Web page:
ash bore.html
flag INFORMATION on Emerald Ash Borer (Agrilus planipennis)

WHAT IS the Emerald Ash Borer (Agrilus planipennis)
(Aug 6 2013)
Emerald Ash Borer a huge concern in Bruce and Grey counties
(Aug 6 2013)

Emerald Ash Borer a huge concern in Bruce and Grey counties

By Liz Dadson
Kincardine Times
Concern is rising about the survival rate of ash trees in Bruce and Grey counties, now that the presence of the Emerald Ash Borer has been confirmed in a number of locations throughout both counties.
Jim Penner, manager of forestry with Saugeen Conservation, says the agency has been receiving a lot of calls from landowners, churches, municipalities, etc., worried about what will happen to their trees and woodland lots.
"We've treated a number of ash trees already," says Penner, "but the hot humid weather experienced recently did not help things. When it gets really hot, the trees shut down and the uptake of the treatment can literally take hours.
"The treatment for the Emerald Ash Borer can only take place in the months of July and August which is timed to adult emergence and the start of egg laying."
The Emerald Ash Borer first made its appearance in the United States and Canada in 2002 and, to date, has killed between 50-million to 100-million ash trees. The Emerald Ash Borer targets all species of ash trees.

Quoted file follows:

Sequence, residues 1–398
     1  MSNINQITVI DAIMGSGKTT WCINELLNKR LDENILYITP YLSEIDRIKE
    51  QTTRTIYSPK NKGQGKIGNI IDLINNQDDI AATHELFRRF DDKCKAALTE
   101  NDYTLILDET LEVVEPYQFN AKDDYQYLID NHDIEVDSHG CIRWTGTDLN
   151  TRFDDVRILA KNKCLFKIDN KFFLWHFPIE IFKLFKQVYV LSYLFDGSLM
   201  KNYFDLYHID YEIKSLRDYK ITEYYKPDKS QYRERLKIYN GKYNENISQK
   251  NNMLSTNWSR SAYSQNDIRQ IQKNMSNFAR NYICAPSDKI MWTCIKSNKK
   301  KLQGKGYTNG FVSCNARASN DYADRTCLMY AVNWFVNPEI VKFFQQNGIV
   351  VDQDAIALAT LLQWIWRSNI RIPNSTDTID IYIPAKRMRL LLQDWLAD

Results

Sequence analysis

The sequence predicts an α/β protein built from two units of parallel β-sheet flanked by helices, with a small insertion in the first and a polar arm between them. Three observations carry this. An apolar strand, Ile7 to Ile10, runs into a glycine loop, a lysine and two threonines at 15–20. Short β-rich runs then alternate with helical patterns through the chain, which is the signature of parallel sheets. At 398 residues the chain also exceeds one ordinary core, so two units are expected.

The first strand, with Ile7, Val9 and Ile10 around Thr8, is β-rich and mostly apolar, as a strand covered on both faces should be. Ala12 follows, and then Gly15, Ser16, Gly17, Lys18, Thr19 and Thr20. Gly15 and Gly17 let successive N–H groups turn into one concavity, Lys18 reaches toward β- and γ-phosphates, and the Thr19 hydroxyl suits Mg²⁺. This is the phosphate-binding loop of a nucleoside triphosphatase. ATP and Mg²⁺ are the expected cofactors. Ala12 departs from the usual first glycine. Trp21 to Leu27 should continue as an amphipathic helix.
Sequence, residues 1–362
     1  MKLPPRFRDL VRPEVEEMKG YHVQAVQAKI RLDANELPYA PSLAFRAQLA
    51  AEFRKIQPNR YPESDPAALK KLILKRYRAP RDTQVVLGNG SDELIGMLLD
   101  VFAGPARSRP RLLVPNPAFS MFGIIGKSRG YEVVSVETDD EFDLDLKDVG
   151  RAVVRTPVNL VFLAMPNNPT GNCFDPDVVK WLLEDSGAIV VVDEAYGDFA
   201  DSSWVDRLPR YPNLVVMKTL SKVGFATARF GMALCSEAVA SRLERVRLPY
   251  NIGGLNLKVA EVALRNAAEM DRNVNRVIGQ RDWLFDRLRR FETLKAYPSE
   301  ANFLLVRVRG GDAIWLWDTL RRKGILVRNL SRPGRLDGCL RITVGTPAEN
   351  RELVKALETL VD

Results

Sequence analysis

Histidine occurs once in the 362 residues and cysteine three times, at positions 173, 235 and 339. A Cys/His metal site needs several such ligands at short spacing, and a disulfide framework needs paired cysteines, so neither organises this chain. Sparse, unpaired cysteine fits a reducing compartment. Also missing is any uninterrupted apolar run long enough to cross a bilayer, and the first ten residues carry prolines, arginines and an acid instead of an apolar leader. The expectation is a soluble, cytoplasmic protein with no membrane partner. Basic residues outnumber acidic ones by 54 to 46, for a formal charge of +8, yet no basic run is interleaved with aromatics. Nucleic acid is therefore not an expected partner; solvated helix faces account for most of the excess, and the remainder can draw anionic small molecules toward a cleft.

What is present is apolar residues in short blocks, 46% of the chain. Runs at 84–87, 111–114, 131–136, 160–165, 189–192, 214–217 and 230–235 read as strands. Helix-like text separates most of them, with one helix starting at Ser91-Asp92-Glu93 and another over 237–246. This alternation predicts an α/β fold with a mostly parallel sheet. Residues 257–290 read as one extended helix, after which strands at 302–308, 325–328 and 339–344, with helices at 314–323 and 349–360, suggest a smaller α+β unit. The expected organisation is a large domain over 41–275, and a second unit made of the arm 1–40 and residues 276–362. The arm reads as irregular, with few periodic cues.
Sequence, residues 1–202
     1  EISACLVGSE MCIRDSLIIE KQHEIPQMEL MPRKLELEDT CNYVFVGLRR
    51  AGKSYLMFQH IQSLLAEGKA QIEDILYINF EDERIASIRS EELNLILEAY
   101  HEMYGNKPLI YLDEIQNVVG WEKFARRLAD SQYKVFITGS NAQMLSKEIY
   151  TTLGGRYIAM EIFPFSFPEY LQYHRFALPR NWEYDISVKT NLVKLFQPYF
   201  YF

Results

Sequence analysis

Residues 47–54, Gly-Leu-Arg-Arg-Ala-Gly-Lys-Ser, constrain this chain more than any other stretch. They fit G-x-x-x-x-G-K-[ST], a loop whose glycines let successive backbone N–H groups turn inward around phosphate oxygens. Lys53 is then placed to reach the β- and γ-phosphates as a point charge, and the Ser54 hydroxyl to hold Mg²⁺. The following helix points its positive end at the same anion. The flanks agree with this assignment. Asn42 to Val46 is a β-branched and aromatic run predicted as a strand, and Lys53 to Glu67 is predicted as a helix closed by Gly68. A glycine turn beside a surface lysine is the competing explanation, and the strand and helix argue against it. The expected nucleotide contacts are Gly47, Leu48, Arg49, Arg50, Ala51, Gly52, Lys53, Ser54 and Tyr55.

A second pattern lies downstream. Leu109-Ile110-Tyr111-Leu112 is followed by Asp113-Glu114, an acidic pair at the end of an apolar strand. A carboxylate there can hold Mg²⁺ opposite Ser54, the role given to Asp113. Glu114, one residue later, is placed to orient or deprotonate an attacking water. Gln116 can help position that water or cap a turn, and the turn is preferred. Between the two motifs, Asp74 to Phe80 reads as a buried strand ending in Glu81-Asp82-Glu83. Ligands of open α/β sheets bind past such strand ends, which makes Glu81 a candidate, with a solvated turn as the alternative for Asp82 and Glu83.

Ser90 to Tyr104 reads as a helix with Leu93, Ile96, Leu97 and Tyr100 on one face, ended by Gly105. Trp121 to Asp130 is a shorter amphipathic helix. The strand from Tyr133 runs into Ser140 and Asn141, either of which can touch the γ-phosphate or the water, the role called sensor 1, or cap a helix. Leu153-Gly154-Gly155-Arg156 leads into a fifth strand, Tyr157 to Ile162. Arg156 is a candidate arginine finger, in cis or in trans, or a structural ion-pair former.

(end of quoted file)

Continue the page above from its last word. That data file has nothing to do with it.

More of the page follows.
"The problem is that the larvae (left) bore into the trunks of ash trees and feed their way around the trunk eventually girdling and killing the tree (below)," says Penner.
"They are very destructive, resulting in the death of even large trees within a few years."
The inoculation treatment provides protection for highly- valued ash trees for up to two years, upon which time application may have to be repeated. The process can take a few minutes or a few hours. Costs per tree can vary between $100 and $500, depending on size.
The process must be done during the summer months to ensure that eggs and/or larvae have been destroyed.
The product used to treat the Emerald Ash Borer is call TreeAzin. It is derived from the Neem tree, an evergreen native to India. TreeAzin is applied by trained, licensed staff and degrades naturally within the tree tissues.If you have ash trees you want to protect, contact Penner at Saugeen Conservation, 519-367-3040, Ext. 233 or j.penner@svca.on.ca. In Grey-Sauble Conservation's jurisdiction, contact Anne Lennox-Brindle at 519-376-3076.


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revised 2013 Aug 6